The story of how I hatched chicks in an incubator

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You know when you describe someone as a Mother Hen? What you mean is they're being a bit fussy, a bit over protective. Well, that was me this morning. With my brand new, fresh from the shell, tiny and cute chicks.

I came downstairs, woken by a cat that had been out all night and was demanding her breakfast. Loudly. So I scrambled out of bed and made my way down. I could see a dark, fluffy thing in the incubator, but the cat was calling continuously so I fed her first. I didn't want her eating anything she shouldn't, after all.

Once she was sorted I could see what we'd got in the incubator. And it was one very fluffy, brown silkie. Next to her (I'm so hoping its a girl) was an egg that had been pecked to reveal a little hole.

So it was all systems go. We set the heat lamp up and I lifted the tiny little thing out of the incubator into the homemade brooder. 

It was cheeping loudly, but as I lay my hand out in the brooder, it clambered into it, exhaled and sank down in exhaustion. Just....flopped. Flat as a pancake. Its heart was beating against my palm.

A couple of hours later a piece of egg shell tumbled off the other egg in the incubator. Cameras at the ready, we watched in wonder as a crack appeared around the top of the egg. Then a black wing popped out, the feathers wet and matted. The chick would take time to recover, then do a big push. And out came a leg with an enormous foot on the end. More recovering, a bit of cheeping, then another final push and out she came in her entirety.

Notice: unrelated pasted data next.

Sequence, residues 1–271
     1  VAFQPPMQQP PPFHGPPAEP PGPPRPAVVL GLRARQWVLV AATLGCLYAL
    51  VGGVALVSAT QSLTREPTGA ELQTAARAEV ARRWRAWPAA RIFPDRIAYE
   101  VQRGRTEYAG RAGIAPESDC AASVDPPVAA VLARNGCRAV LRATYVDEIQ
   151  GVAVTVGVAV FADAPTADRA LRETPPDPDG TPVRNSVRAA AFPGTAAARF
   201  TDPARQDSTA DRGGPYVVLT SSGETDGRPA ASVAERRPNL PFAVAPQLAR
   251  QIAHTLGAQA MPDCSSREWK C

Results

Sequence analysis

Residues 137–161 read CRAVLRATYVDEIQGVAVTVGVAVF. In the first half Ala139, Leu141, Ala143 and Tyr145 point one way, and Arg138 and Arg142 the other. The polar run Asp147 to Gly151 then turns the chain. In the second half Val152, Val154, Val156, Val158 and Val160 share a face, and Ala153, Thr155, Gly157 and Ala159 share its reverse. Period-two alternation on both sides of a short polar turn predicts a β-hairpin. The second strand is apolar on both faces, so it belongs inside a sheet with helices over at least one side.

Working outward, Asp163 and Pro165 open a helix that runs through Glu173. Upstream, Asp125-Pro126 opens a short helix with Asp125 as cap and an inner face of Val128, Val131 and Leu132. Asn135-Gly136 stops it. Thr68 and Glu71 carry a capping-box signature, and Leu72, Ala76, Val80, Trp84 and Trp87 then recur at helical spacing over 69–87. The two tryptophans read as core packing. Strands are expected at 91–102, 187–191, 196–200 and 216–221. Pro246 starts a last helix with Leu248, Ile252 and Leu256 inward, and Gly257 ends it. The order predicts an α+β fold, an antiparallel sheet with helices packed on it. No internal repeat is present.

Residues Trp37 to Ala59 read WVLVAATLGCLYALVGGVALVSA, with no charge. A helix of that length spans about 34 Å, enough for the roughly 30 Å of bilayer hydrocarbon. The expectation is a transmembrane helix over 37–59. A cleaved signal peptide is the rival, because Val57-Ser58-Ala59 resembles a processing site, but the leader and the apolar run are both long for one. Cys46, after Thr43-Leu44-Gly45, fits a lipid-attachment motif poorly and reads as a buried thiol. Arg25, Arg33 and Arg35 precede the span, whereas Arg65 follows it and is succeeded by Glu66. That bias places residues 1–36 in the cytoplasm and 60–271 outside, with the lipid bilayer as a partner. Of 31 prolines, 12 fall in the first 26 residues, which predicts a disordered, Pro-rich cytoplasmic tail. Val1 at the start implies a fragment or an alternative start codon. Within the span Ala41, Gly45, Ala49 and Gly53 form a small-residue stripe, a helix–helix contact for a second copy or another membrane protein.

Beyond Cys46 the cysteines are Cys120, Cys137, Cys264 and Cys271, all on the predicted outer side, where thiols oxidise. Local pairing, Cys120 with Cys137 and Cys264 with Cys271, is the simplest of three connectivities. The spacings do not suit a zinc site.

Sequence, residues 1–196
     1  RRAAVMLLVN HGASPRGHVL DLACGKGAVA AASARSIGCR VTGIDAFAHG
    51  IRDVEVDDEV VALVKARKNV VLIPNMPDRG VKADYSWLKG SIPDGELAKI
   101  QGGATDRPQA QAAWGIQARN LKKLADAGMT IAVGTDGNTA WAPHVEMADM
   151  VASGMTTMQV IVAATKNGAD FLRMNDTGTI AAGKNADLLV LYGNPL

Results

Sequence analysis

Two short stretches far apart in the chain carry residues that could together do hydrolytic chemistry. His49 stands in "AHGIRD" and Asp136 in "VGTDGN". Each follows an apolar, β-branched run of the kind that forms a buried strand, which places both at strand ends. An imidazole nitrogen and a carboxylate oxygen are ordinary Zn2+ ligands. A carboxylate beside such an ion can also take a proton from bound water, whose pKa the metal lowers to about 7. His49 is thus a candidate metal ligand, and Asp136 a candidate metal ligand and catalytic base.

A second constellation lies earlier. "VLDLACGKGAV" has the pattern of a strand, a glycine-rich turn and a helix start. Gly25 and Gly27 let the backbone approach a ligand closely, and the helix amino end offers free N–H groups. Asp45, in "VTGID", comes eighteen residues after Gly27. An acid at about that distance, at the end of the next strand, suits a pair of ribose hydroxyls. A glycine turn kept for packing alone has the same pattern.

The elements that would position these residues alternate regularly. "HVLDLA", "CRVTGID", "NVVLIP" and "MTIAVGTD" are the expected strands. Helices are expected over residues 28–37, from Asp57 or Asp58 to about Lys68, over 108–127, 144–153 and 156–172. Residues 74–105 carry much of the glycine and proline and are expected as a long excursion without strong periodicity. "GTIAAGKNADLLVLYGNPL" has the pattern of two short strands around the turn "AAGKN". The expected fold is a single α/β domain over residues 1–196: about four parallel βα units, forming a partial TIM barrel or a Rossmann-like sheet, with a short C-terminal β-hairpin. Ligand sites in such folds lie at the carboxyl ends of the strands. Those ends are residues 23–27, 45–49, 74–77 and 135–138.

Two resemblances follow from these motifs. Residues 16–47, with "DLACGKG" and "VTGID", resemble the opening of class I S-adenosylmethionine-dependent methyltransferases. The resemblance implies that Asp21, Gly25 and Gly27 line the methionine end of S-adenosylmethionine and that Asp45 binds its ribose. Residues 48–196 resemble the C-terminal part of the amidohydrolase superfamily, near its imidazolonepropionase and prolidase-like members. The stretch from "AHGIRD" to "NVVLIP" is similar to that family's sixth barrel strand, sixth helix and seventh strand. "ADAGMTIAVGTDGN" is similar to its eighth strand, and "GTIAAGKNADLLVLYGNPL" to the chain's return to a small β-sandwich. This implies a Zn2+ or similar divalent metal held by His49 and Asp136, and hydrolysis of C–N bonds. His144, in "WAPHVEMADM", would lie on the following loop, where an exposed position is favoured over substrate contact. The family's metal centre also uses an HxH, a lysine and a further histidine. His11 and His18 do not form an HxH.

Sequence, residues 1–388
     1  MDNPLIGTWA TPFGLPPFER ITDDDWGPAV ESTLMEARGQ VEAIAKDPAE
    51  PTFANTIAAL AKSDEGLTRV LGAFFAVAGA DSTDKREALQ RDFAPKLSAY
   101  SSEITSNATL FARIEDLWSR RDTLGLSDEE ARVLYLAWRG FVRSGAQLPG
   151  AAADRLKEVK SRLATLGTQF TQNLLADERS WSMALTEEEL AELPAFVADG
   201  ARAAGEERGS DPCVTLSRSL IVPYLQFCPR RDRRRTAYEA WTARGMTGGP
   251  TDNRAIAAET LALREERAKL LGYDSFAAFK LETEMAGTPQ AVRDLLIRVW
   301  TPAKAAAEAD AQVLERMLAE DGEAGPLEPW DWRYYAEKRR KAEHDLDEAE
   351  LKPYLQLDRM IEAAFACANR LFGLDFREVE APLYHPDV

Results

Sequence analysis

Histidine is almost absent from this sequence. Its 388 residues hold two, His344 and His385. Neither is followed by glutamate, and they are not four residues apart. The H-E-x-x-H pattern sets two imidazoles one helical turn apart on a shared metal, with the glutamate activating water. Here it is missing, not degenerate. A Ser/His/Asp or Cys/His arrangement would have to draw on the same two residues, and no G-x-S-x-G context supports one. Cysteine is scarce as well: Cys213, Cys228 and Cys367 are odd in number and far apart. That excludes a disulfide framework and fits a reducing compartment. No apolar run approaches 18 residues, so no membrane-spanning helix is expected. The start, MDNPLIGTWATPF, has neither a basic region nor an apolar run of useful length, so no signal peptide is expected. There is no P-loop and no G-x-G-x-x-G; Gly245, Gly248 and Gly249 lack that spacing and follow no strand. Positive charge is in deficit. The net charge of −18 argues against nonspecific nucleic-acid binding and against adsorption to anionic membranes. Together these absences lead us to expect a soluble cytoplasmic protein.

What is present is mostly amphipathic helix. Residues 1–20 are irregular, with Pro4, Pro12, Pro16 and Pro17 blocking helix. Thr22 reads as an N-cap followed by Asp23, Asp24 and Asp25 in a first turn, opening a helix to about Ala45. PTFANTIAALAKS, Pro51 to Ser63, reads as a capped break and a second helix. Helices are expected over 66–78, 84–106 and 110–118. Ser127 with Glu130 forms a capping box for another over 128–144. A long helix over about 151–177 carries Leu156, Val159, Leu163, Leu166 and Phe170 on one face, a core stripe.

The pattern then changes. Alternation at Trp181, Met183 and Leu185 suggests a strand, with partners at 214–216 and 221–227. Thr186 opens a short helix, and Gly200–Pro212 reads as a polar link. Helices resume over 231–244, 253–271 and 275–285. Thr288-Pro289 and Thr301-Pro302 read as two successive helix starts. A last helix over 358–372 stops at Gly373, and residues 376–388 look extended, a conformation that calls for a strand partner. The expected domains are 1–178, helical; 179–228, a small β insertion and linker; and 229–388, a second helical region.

As I write this a third shell is just starting to break.

Pure magic. Mother Nature is incredible.

silkie chick a few hours old

(If you'd like to see the story as it unfolded then do go over to my Instagram Stories. In the highlights section on my Instagram page is the saved stories under 'chicks'. You can also see an amalgamated version in the film below.)

The chick story all began about four weeks ago when Wincey, one of my chickens, became broody. In excitement I ordered two different breeds. Six chocolate silkies and six black-laced wyandottes. Then the weather changed. It was cold, a wind whipped over the field. And, just like that, Wincey stopped being broody.

As the eggs had been ordered (off eBay) I looked into alternatives. I must admit I've always had this belief that incubators were a lot more complicated than they actually are and have been put off using one before. But I found this one called a Brinsea Mini II Eco Incubator. It had good reviews on the site and the designer had filmed instructions on YouTube. It was incredibly reassuring. 

The only other equipment I'd need would be a heat lamp and a brooder. But I could make a brooder out of a box and I ordered a Titan heat lamp.

a wyandotte chick a few hours old

The only down side to using that incubator was not all the eggs would fit in. So I used five of each type, figuring I'd put the spare two under Wincey if she became broody again (sadly, she didn't).

Twice a day I would lift the lid of the incubator and turn the eggs. I'd placed a o on one side and an x on the other in pencil, so I knew I'd turned them. And I did this twice a day. 

The temperature on the brooder is set automatically and all I needed to do was to add water to a little pool in the centre to keep it humid. After 18 days the water was to be added via a pool on the outside so I no longer needed to lift the lid, keeping the humidity enclosed.

Once the chicks started to hatch we set up the heat lamp, put some newspaper at the bottom of a box and popped the chicks in to fluff up. They don't need anything to eat or drink in the first day just plenty of rest and warmth.

I'm utterly obsessed and just love popping my hand down for them to hop into.

No doubt this story will be continued...

The story of how I hatched chicks in an incubator